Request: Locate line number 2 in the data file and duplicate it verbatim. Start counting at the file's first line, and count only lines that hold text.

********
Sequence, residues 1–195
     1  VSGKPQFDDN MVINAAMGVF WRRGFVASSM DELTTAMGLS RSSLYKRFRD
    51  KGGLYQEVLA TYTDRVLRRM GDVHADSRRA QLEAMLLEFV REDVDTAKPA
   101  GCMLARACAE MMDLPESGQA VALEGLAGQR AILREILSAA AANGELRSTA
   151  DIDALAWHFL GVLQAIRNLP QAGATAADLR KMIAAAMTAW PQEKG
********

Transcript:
     1  VSGKPQFDDN MVINAAMGVF WRRGFVASSM DELTTAMGLS RSSLYKRFRD